Modern audio codecs use some incredibly impressive techniques to compress the audio as much as possible while preserving sound quality. However, due to CC: Tweaked's limited processing power, it's not really possible to use these from your computer. Instead, we need something much simpler.

DFPWM (Dynamic Filter Pulse Width Modulation) is the de facto standard audio format of the ComputerCraft (and OpenComputers) world. Originally popularised by the addon mod Computronics, CC:T now has built-in support for it with the cc.audio.dfpwm module. This allows you to read DFPWM files from disk, decode them to PCM, and then play them using the speaker.

Let's dive in with an example, and we'll explain things afterwards:

local dfpwm = require("cc.audio.dfpwm")
local speaker = peripheral.find("speaker")

local decoder = dfpwm.make_decoder()
for chunk in io.lines("data/example.dfpwm", 16 * 1024) do
    local buffer = decoder(chunk)

    while not speaker.playAudio(buffer) do
        os.pullEvent("speaker_audio_empty")
    end
end

Once again, we see the speaker.playAudio/speaker_audio_empty loop. However, the rest of the program is a little different.

First, we require the dfpwm module and call cc.audio.dfpwm.make_decoder to construct a new decoder. This decoder accepts blocks of DFPWM data and converts it to a list of 8-bit amplitudes, which we can then play with our speaker.

As mentioned above, speaker.playAudio accepts at most 128×1024 samples in one go. DFPMW uses a single bit for each sample, which means we want to process our audio in chunks of 16×1024 bytes (16KiB). In order to do this, we use io.lines, which provides a nice way to loop over chunks of a file. You can of course just use fs.open and fs.BinaryReadHandle.read if you prefer.

Processing audio

As mentioned near the beginning of this guide, PCM audio is pretty easy to work with as it's just a list of amplitudes. You can mix together samples from different streams by adding their amplitudes, change the rate of playback by removing samples, etc...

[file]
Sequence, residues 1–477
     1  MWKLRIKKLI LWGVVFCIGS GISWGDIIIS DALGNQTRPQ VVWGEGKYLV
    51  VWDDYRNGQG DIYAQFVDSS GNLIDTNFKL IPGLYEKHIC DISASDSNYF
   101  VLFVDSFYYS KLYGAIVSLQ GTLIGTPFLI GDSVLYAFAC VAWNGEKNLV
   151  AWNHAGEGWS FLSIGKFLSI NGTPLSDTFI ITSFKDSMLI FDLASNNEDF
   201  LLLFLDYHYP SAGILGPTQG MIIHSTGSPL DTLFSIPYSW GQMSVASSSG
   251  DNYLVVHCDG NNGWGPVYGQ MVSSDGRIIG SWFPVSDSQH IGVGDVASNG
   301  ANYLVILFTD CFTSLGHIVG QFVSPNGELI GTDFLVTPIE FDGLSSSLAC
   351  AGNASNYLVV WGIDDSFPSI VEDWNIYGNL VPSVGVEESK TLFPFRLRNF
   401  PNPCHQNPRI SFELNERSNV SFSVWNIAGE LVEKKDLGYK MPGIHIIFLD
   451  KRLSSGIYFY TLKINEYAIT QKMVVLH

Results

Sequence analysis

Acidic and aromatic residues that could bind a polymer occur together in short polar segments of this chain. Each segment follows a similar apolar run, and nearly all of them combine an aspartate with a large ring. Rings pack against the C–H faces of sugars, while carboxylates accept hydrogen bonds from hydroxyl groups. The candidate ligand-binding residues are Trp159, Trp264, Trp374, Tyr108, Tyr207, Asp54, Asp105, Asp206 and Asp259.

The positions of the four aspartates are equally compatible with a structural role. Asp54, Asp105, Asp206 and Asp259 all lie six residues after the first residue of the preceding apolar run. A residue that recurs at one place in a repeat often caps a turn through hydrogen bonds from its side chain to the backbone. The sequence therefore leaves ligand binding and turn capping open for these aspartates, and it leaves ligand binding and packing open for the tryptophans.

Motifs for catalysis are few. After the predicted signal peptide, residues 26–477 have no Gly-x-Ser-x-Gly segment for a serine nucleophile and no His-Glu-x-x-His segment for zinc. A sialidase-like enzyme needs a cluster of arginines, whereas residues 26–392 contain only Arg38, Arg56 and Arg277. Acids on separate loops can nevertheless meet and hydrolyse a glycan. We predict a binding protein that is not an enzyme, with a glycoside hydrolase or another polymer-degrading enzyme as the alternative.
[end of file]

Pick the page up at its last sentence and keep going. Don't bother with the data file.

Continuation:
Let's put together a small demonstration here. We're going to add a small delay effect to the song above, so that you hear a faint echo a second and a half later.

In order to do this, we'll follow a format similar to the previous example, decoding the audio and then playing it. However, we'll also add some new logic between those two steps, which loops over every sample in our chunk of audio, and adds the sample from 1.5 seconds ago to it.

For this, we'll need to keep track of the last 72k samples - exactly 1.5 seconds worth of audio. We can do this using a Ring Buffer, which helps makes things a little more efficient.

local dfpwm = require("cc.audio.dfpwm")
local speaker = peripheral.find("speaker")

-- Speakers play at 48kHz, so 1.5 seconds is 72k samples. We first fill our buffer
-- with 0s, as there's nothing to echo at the start of the track!
local samples_i, samples_n = 1, 48000 * 1.5
local samples = {}
for i = 1, samples_n do samples[i] = 0 end

local decoder = dfpwm.make_decoder()
for chunk in io.lines("data/example.dfpwm", 16 * 1024) do
    local buffer = decoder(chunk)

    for i = 1, #buffer do
        local original_value = buffer[i]

        -- Replace this sample with its current amplitude plus the amplitude from 1.5 seconds ago.
        -- We scale both to ensure the resulting value is still between -128 and 127.
        buffer[i] = original_value * 0.6 + samples[samples_i] * 0.4

        -- Now store the current sample, and move the "head" of our ring buffer forward one place.
        samples[samples_i] = original_value
        samples_i = samples_i + 1
        if samples_i > samples_n then samples_i = 1 end
    end

    while not speaker.playAudio(buffer) do
        os.pullEvent("speaker_audio_empty")
    end

    -- The audio processing above can be quite slow and preparing the first batch of audio
    -- may timeout the computer. We sleep to avoid this.
    -- There's definitely better ways of handling this - this is just an example!
    sleep(0.05)
end
Confused?

Don't worry if you don't understand this example. It's quite advanced, and does use some ideas that this guide doesn't cover. That said, don't be afraid to ask on Discord or IRC either!

It's worth noting that the examples of audio processing we've mentioned here are about manipulating the amplitude of the wave. If you wanted to modify the frequency (for instance, shifting the pitch), things get rather more complex. For this, you'd need to use the Fast Fourier transform to convert the stream of amplitudes to frequencies, process those, and then convert them back to amplitudes.

This is, I'm afraid, left as an exercise to the reader.

See also